Cablegate: Turkish Maritime Security: Visit of Coast
This record is a partial extract of the original cable. The full text of the original cable is not available.
UNCLAS ANKARA 005558
DEPT FOR EB/TRA/OTP AND EUR/SE
PARIS FOR TSA AND ECON
COAST GUARD FOR G-MPP - CRD LOSCIUTO
DEPT PASS TRANSPORTATION DEPT
ROME FOR ICE
E.O. 12958: N/A
TAGS: EWWT PTER ETRD TU
SUBJECT: Turkish Maritime Security: Visit of Coast
Ref: Ankara 5144 and previous
Not for Internet Distribution.
1. In introductory calls on September 16, LCDR Michael
Bee, DHS/Coast Guard's International Port Security
Liaison, described the U.S. International Port Security
Program to Gurcan Balik, of the MFA Maritime Department,
Okay Kilic, Head of the Maritime Security Department of
the Turkish Maritime Administration (MA) and Nihat Asan,
Head of Department for Ports and Coastal Facilities at
the MA. Balik, Kilic and Asan were receptive to the
concept of bilateral cooperation and reciprocal
exchanges, including a possible return visit and port
tour for LCDR Bee later this year.
2. Both MFA and MA told Bee that the GOT is serious
about full compliance with the International Ship and
Port Facility Security (ISPS) Code, and thanked the
Coast Guard for recognizing this by excluding Turkey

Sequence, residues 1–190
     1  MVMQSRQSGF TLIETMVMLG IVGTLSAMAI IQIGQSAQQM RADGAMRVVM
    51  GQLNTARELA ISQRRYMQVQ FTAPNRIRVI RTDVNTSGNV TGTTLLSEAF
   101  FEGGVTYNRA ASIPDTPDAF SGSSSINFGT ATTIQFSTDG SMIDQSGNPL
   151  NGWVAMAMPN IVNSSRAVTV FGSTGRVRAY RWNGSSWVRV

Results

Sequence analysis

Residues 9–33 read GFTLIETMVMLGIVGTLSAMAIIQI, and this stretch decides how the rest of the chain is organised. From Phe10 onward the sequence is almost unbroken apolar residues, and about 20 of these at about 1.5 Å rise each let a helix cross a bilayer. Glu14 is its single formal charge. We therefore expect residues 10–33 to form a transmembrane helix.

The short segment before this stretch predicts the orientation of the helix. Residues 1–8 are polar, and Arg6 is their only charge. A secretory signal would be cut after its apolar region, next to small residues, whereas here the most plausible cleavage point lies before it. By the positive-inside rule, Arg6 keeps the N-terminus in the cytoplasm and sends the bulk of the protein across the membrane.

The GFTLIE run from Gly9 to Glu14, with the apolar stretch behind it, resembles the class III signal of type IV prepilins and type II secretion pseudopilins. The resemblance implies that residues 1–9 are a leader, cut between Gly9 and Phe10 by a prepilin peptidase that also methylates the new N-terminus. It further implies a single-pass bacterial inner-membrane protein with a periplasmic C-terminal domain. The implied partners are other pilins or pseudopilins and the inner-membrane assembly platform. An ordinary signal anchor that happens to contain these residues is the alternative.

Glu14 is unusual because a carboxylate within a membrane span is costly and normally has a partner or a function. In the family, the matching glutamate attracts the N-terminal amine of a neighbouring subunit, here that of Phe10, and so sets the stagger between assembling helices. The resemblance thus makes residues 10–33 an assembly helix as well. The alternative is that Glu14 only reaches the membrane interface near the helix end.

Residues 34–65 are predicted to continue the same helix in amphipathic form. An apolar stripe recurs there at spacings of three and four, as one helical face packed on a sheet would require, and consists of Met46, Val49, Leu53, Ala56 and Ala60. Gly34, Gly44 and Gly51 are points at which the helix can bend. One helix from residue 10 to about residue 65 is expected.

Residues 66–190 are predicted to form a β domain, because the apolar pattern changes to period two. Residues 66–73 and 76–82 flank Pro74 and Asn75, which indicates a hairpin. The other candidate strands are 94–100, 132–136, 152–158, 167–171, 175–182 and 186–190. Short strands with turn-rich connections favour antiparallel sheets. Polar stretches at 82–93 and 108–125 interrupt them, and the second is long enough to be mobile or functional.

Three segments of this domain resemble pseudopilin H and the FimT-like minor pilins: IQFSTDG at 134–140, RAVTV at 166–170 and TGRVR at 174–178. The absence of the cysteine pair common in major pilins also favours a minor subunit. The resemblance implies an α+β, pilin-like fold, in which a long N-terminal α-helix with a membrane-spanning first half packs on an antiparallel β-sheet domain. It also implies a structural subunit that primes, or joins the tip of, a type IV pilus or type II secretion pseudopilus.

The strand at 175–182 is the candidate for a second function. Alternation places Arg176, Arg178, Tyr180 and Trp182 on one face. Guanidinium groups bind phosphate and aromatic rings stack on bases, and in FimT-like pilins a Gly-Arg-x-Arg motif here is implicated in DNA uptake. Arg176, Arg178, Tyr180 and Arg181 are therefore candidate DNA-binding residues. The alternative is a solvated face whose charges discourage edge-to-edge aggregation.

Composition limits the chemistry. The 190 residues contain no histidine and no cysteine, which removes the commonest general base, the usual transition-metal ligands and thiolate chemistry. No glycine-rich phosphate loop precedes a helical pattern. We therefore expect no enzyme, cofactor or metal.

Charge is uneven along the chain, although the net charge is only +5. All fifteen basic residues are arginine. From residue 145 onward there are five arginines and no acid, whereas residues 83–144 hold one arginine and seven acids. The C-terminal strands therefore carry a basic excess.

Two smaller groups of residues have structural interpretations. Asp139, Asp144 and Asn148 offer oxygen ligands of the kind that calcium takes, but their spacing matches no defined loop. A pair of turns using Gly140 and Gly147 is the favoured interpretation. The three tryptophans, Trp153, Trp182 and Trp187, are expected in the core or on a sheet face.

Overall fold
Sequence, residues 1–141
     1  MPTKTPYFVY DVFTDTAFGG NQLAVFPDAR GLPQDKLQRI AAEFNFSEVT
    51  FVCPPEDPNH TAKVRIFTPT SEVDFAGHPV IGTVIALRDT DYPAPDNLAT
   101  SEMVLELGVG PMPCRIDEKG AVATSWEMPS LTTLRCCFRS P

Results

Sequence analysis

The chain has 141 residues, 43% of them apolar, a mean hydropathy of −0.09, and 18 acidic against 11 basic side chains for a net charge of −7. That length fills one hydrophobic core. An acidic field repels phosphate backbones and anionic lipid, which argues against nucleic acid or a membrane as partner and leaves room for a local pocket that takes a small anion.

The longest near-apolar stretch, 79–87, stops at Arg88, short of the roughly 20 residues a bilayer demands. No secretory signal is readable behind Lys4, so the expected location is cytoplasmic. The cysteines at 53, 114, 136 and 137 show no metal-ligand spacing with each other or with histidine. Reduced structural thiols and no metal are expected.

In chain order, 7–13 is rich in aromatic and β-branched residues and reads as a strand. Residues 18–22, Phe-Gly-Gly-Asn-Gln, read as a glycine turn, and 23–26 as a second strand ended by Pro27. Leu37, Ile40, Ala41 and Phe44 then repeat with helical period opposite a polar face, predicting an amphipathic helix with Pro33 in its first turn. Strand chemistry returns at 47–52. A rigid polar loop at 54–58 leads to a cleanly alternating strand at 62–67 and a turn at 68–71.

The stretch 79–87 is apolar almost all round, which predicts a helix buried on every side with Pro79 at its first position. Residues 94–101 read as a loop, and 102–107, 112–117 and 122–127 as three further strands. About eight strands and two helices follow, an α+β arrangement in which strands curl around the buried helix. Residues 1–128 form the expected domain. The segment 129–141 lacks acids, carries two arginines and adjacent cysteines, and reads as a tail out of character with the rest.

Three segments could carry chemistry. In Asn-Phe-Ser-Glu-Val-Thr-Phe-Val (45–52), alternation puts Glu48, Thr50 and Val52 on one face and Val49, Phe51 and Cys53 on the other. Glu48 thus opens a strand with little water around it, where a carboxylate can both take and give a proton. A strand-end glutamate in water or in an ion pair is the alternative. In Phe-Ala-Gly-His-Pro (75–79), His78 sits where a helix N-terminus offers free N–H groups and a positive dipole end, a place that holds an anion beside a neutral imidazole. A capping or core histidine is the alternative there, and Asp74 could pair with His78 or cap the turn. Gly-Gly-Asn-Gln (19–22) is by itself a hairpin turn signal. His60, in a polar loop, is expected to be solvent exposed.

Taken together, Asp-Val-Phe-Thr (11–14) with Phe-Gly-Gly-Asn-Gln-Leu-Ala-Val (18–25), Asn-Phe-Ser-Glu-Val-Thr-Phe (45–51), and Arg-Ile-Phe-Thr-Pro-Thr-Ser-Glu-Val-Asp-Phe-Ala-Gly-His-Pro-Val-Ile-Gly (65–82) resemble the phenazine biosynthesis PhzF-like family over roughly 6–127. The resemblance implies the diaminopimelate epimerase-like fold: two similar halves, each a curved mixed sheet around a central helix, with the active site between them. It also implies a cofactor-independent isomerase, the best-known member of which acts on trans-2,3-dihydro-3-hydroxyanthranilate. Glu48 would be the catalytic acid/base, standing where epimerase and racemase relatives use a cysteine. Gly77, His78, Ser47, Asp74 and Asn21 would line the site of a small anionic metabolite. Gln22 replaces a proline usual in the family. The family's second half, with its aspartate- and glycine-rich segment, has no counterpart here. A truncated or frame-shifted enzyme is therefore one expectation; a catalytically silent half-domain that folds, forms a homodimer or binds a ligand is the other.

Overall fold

from its recent Port Security Advisory. Kilic told us
that Turkey is implementing both mandatory (Part A) and
recommended (Part B) ISPS standards, and that all
facilities which do not comply with the requirement to
implement the code have been closed down. He noted that
six port facilities which do not carry on any
international trade are voluntarily complying with the
Code in order to preserve their eligibility for trade in
the future. In Turkey, recognized security
organizations may complete port security assessments,
but only MA may approve port security plans.
3. Kilic stated that the Transport Ministry imposed
ISPS requirements in Turkey through a regulation, but
that the GOT plans to propose legislation modeled in
part on the U.S. Maritime Transportation Security Act.
Kilic told us that the amendments, to be submitted to
Parliament in 2004 or 2005, will contain stricter ship
and port security requirements than those in the ISPS
Code. The new legislation would also enable the GOT to
require port owners to install vessel tracking systems.
4. Comment: Embassy believes that LCDR Bee's visit laid
the groundwork for mutually-beneficial collaboration on
port security. Post encourages Coast Guard to continue
to coordinate its work and visits with those of DHS'
Customs and Border Protection (proposed Container
Security Initiative) and with DHS' Transportation
Security Administration so that we can maintain
cooperation from the various Turkish agencies working in
this area without unnecessary burden to them or the USG.